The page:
Rule Digest: Web Server Security and Trojan Detection

We continue to draw your attention to rules whose capabilities are beyond the more common detection content analyzing Sysmon logs. Today in our digest there are two rules for detecting attacks on Web Servers, a continuation of a series of rules (1, 2) for discovering traces of Outlaw hacking group attacks, and detection content that uncovers GRIFFON backdoor and Qulab Trojan.

Suspicious User Agent Patterns (via web) by SOC Prime Team

This rule helps your security solution to find suspicious User-Agents in web logs and detect web application scanners or offensive tools with default configurations.


Possible OS Command Injections Patterns (via web) by SOC Prime Team

This rule helps protect your web server from a threat far greater than malicious bots. With it, you can detect shell injection which can allow adversaries to execute arbitrary operating system commands on your web server. Shell injection can lead to the compromising of other parts of the hosting infrastructure and lateral movement to other systems within your organization’s network.


Outlaw Hacking Group Behavior Indicators (via cmdline) by SOC Prime Team

We wrote about this group in detail in a post on the community Sigma rule. The Outlaw Hacking Group Behavior Indicators rule helps detect malicious actions that go unnoticed by other rules. This content has also been translated to more platforms than the universal threat hunting Sigma.


Qulab Trojan (Covid-19 abuse) by Ariel Millahuel

Ariel’s new rule helps to detect the Qulab Clipper Trojan that is used to monitor the infected computer’s clipboard and replace information associated with digital currency transactions. Trojan also can gather and exfiltrate private data from the attacked machine. The Qulab Clipper is being distributed on hacking forums, and researchers spotted new versions of the malware that appeared in the midst of the COVID-19 pandemic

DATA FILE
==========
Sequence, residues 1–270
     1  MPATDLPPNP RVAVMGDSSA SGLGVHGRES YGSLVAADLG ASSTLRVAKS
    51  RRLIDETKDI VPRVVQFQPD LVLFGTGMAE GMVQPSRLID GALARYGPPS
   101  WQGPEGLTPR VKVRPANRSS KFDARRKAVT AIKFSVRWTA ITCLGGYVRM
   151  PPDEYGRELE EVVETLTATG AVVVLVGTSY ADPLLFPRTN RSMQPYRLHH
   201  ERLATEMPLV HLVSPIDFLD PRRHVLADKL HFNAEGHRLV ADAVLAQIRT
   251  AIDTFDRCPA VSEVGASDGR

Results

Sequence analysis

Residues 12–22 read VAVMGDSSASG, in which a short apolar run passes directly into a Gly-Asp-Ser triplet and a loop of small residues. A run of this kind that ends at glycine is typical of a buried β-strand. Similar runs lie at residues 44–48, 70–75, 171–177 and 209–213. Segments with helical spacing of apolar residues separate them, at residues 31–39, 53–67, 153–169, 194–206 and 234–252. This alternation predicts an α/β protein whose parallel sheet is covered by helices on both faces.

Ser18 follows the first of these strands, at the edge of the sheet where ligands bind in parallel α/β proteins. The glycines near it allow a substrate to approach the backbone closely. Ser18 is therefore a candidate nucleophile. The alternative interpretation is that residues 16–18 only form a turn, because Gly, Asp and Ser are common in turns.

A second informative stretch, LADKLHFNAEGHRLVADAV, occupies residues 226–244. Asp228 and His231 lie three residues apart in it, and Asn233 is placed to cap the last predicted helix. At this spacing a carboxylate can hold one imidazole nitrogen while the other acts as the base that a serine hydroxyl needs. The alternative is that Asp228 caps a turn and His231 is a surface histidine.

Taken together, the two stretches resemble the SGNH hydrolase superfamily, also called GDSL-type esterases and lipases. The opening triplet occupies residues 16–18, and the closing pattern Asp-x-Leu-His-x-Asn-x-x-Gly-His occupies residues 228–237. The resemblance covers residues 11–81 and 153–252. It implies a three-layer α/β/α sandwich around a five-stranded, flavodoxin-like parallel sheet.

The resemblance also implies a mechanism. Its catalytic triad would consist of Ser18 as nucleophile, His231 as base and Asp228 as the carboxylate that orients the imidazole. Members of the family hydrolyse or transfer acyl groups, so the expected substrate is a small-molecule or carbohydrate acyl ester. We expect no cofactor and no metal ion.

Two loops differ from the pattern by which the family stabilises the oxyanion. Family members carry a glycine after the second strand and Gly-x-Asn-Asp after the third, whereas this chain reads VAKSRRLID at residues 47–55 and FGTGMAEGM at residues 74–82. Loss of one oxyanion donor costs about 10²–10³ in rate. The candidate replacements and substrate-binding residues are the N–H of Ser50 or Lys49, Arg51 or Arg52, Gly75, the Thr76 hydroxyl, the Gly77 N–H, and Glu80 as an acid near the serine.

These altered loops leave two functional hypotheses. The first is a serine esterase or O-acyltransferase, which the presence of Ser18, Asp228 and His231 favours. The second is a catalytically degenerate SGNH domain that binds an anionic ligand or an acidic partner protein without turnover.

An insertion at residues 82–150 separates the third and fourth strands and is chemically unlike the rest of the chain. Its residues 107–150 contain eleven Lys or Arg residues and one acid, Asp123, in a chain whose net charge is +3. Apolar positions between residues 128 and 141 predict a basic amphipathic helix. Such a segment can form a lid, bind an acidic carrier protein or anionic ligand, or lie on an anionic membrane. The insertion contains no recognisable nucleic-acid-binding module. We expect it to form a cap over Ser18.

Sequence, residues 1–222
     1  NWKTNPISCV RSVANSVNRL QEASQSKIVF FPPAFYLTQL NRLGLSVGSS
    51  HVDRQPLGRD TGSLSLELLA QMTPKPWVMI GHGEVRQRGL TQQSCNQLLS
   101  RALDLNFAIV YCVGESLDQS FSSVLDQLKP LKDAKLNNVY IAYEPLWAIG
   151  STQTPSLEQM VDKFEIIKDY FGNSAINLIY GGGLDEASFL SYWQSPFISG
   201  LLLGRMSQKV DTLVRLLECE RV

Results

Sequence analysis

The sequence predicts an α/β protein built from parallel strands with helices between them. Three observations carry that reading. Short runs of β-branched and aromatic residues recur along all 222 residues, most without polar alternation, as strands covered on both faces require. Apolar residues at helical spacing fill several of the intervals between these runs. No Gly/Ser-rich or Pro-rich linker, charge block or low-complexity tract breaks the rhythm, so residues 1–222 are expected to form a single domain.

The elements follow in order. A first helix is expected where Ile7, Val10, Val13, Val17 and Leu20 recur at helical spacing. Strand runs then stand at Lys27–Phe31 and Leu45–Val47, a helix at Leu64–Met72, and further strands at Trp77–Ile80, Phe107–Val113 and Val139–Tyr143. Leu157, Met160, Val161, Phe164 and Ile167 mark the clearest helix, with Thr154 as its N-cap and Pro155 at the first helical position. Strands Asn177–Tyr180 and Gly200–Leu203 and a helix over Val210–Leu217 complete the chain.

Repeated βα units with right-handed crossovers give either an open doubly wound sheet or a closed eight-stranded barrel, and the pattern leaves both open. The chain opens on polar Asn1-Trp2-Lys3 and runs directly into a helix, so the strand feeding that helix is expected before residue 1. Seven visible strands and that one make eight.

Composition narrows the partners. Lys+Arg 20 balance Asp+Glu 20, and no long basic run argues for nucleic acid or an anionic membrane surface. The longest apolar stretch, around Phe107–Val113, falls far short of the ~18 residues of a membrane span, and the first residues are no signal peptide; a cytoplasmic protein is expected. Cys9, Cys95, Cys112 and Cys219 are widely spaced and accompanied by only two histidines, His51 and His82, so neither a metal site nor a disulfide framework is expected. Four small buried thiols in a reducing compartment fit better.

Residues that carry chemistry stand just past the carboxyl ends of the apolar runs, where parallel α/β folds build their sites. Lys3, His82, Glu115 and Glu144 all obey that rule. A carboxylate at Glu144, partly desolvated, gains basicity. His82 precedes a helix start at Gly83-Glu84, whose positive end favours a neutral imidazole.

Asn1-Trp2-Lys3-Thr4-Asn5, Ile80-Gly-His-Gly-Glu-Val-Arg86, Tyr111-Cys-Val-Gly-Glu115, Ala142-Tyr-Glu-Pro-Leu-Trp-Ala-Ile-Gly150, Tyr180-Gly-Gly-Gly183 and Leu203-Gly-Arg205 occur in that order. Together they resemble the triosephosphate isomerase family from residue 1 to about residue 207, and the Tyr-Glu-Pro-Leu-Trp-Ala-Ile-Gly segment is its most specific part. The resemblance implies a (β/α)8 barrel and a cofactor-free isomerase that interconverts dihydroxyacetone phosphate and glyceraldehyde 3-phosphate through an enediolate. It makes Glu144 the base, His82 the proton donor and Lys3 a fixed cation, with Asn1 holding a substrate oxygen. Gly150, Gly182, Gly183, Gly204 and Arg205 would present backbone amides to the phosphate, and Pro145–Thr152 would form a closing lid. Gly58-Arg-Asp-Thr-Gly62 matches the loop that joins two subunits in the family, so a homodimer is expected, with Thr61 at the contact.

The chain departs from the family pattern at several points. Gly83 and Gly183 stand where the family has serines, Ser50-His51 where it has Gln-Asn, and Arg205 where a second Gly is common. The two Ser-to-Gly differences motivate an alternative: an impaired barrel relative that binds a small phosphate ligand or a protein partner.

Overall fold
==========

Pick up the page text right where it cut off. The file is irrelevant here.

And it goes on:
FIN7’s Backdoor “GRIFFON by Ariel Millahuel

The FIN7 group doesn’t need a special introduction, they attack financial institutions worldwide for 6+ years, and the arrest of their leaders did not lead to the breakup of the group. GRIFFON javascript delivery backdoor was spotted in their recent attacks, cybercriminals abuse the ActiveX control to execute the malicious macro automatically following an enable of the Document content. Community threat hunting Sigma rule by Ariel Millahuel spots characteristics of GRIFFON backdoor which is used for gathering information and downloading other tools used by the group.


The rules from this collection have translations for the following platforms:

SIEM: Azure Sentinel, ArcSight, QRadar, Splunk, Graylog, Sumo Logic, ELK Stack, RSA NetWitness, Logpoint, Humio, RSA NetWitness

EDR: Windows Defender ATP, Carbon Black, CrowdStrike, Elastic Endpoint

NTA: Corelight



Tactics: Initial Access, Execution, Persistence, Defense Evasion

Techniques: Exploit Public-Facing Application (T1190), Command-Line Interface (T1059), File and Directory Permissions Modification (T1222), Hidden Files and Directories (T1158), Local Job Scheduling (T1168), Scripting (T1064), Install Root Certificate (T1130), Modify Registry (T1112)


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